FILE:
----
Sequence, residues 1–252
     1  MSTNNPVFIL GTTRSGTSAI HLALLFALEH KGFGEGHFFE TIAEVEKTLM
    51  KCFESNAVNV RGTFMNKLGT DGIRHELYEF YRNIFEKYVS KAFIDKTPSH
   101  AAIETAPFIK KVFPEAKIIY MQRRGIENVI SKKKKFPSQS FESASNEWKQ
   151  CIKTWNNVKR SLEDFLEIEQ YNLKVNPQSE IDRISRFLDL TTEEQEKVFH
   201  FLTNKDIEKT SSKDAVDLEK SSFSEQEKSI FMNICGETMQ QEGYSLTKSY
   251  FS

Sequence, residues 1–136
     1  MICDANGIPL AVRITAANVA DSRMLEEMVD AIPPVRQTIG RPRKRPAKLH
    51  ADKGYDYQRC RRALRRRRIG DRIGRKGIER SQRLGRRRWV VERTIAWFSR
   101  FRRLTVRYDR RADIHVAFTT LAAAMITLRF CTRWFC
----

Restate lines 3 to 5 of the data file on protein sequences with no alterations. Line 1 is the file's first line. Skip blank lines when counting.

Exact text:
    51  KCFESNAVNV RGTFMNKLGT DGIRHELYEF YRNIFEKYVS KAFIDKTPSH
   101  AAIETAPFIK KVFPEAKIIY MQRRGIENVI SKKKKFPSQS FESASNEWKQ
   151  CIKTWNNVKR SLEDFLEIEQ YNLKVNPQSE IDRISRFLDL TTEEQEKVFH